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   15 of 15 members found this review helpful 15 / 15 members

Recently, I jumped through all the hoops required by Washington State to make my woods-ready 2-stoke MX bike street legal.  Mirrors were required and while I did get a cheapo pair with the dual sport conversion kit I used, when the folks at Doubletake Mirror offered up their new "minimalist" Trail Mirrors for review, I jumped on it. I knew that Doubletake has a reputation for bulletproof mirrors and the ultra-simple design of their new mirrors appealed to me for conditions that I ride.

I received a pair of mirrors that were individually packaged and noted that I they are no bigger than what many ladies carry in their purse for applying make-up (2" to be exact). Also in each package were two heavy-duty, UV resistant Panduit ® zip ties and a sleeve they ride on for added friction (helps the mirrors stay in place). Trail Mirrors have a convex shape to create a wider field-of-vision and its base is angled so that they point behind you. Of course, orientation will vary slightly based upon the sweep of the handlebars you are running.

Install? About 30 seconds per side once you decide where on your handlebars to put them and to make fine( up/down) adjustments before fully snugging up the zip ties. I did read on the Doubletake Mirror website that the Trail Mirror is not US DOT approved, but I can't really see any LEOs giving you a hard time about them. I'm certainly not worried about it. Your mileage my vary.


How do they work?  For testing I did some commuting to work  as well some full-on hard enduro trail riding at Walker Valley ORV.

> On the Trail
Despite plenty of rough terrain, trail brush, and a few "offs", the mirrors stayed right where they were installed and came away with not even a scratch. Replacement glass is $10.00, but if you manage to break these, you'll have bigger worries. Not that you need mirrors for trail riding, but I can see how they would be helpful if you needed to keep track of someone tailing you on group rides. A plus for us seasonal cold weather riders is that the mirrors are compatible with hand guard mittens.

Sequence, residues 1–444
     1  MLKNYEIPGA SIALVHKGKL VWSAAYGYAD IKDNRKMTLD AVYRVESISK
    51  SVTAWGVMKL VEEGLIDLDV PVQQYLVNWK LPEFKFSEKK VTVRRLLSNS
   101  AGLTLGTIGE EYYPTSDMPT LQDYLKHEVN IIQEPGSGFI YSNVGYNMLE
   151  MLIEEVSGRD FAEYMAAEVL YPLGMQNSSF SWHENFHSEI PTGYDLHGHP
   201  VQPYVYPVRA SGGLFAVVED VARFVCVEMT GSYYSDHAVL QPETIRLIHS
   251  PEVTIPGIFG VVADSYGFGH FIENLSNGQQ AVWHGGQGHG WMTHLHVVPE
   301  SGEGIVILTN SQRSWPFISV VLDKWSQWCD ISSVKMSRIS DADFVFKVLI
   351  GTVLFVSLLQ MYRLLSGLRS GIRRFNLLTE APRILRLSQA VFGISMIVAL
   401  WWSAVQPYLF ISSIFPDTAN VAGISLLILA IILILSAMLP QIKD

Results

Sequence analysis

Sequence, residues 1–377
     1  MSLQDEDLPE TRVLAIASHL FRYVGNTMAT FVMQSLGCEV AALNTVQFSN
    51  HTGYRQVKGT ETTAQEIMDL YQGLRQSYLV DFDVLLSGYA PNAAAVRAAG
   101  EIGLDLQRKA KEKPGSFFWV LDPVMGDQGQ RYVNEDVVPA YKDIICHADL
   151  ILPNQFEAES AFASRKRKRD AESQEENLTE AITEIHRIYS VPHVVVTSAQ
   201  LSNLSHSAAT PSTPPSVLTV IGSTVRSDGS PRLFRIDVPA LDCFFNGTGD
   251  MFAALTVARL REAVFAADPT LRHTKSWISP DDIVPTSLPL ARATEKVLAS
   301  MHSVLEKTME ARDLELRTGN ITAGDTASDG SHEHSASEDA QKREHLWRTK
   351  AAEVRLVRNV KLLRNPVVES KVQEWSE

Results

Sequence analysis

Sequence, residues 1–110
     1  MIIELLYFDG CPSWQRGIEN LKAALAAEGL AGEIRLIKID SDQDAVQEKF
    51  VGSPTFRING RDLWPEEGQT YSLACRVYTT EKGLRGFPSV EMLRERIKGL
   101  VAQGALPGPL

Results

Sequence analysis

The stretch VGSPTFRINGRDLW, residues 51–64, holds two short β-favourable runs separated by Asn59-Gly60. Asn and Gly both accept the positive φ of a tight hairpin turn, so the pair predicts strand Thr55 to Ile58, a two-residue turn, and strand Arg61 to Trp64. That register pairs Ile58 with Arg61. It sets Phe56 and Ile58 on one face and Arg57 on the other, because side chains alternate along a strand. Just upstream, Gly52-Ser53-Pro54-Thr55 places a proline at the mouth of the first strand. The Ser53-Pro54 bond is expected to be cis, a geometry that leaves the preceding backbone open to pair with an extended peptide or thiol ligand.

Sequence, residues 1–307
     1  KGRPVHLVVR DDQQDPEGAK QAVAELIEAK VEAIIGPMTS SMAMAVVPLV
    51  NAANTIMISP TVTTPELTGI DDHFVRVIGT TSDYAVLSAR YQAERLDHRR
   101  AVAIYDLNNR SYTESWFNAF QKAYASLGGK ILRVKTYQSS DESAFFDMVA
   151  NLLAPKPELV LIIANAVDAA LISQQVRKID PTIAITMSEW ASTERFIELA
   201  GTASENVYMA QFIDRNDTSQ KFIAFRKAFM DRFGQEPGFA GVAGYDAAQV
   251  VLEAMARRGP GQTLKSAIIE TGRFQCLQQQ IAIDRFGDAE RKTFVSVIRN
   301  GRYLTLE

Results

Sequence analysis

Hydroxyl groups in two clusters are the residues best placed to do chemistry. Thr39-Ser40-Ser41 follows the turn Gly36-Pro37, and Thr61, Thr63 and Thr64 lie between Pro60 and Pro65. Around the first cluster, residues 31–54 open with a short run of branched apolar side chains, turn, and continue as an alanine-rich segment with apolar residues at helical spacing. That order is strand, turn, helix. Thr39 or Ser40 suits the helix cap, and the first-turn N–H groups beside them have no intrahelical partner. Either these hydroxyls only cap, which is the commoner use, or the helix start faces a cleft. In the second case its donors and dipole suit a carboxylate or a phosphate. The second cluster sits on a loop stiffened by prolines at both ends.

> On the Street
Because of its "minimalist" design, Doubletake Trail Mirrors are only "adequate" for the street; better suited for connecting trails than daily commuting. You either have to lift an arm or lean the bike to see behind you.  However, in the curves or at night when headlights are visible, the mirrors work fine. Since the mirrors are mounted directly to the handlebars, there is little-to no-vibration that effects the reflected image like there can be with extended mirrors.


So, what's my overall opinion of the new Trail Mirrors from Doubletake? if you are going to be mostly hitting USFS roads between trails or zipping over to your local riding area, these things work phenomenally. But for more regular traffic use, they require a little too much extra work for my taste. Also, at $25.00 per mirror, there are cheaper basic options out there. At the same time, the Doubletakes seem indestructible and are rebuild-able. Like anything dual sport, these mirrors are trade off, ideal for some, not for others. Only you can decide if they are right for where you ride.

More @ https://www.doubletakemirror.com/

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